Suicides in Colorado reached record high numbers and rates in 2012, the state health department reported Monday.
Last year, 1,053 people in the state committed suicide, up about 16 percent from the year before and the highest number since at least 1940.
The suicide rate per 100,000 people — which accounts for population growth — reached 19.7 last year, the highest rate since 1980, the earliest year for which comparable population estimates are available.
"The reality is we don't have good answers as to why there are more people committing suicide," said Jarrod Hindman, manager of the health department's Office of Suicide Prevention. "It's such a complex issue that it's hard to identify why someone takes their life."
The unemployment rate, mental illness and poor access to mental health resources may contribute, Hindman said. Veterans, members of the gay community and working males are at higher risk for suicide.
"We need more education and awareness, better access to professional mental services and individuals who are suicidal to ask for help," he said. "We should focus our limited dollars on areas with the highest risk and where we have the best chance to make an impact."
The National Suicide Prevention Lifeline — 1-800-273-8255 — is one resource for suicidal individuals.
Others options are the Means Restriction Education initiative that works to reduce suicidal patients' access to lethal items like guns and medications, as well as the ManTherapy.org website.
The website created by the public health department, the nonprofit Carson J Spencer Foundation and the Denver ad agency Cactus is targeted at men at risk for depression and suicide.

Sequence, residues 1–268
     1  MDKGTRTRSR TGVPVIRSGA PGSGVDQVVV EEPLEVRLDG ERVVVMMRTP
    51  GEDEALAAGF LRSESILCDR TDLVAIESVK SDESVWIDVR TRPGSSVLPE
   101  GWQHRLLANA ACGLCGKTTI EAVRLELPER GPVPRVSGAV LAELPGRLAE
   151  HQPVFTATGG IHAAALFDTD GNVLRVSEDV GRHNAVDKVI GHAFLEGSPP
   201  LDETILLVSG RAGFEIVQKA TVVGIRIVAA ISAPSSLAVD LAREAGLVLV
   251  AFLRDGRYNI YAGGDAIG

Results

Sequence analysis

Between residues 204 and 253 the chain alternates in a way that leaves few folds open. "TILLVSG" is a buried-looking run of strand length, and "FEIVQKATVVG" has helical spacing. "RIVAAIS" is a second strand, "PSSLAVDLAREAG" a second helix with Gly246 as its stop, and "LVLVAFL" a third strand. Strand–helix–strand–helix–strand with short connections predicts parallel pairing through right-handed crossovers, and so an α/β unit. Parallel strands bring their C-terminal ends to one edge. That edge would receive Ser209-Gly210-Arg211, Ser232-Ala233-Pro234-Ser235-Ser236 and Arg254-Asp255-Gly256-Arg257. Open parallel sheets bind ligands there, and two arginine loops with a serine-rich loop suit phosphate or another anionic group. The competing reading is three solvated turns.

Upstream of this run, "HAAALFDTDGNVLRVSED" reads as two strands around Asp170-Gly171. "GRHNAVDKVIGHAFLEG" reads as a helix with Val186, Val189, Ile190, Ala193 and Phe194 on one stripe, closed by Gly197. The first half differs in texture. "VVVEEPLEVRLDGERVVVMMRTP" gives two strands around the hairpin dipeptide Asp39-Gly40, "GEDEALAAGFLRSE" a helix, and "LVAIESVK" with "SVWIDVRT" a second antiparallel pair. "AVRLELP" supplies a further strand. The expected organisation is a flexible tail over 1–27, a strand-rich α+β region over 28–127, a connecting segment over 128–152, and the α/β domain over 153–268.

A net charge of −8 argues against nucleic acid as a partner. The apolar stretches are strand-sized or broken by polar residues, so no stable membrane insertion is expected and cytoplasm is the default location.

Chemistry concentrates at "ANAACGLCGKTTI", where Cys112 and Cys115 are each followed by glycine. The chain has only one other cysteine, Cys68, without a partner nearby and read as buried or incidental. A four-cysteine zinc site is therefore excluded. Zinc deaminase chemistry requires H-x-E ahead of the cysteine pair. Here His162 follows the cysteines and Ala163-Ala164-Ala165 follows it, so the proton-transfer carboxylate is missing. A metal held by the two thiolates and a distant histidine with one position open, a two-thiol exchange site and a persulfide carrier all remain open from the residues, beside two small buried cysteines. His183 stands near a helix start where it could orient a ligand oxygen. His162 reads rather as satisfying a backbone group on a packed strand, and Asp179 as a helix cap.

In Colorado, males account for about 76.9 percent of all suicides.
As the number of deaths continues to increase, some experts believe government officials will begin to appropriate more funds and energy into suicide prevention programs, said Sally Spencer-Thomas, CEO of the Carson J Spencer Foundation, named for her brother, who took his own life in 2004.
Suicide rates are rising across the U.S. among people 35 to 64, and "Colorado has very few resources to stem the tide," she said.
The good news, she said, is that prevention is helping those who are at risk identify problems sooner, address root causes, and focus on groups beyond teenagers.
The number of suicide deaths decreased slightly in the 15- to 19-year-old group, dropping to 41 in 2012 from 43 the year before, and among those older than 75, dropping to 53 from 54. However, the number of Coloradans between the ages of 20 and 64 who committed suicide increased 16.7 percent to 27.3 deaths per 100,000 adults in 2012 from 23.4 the year before.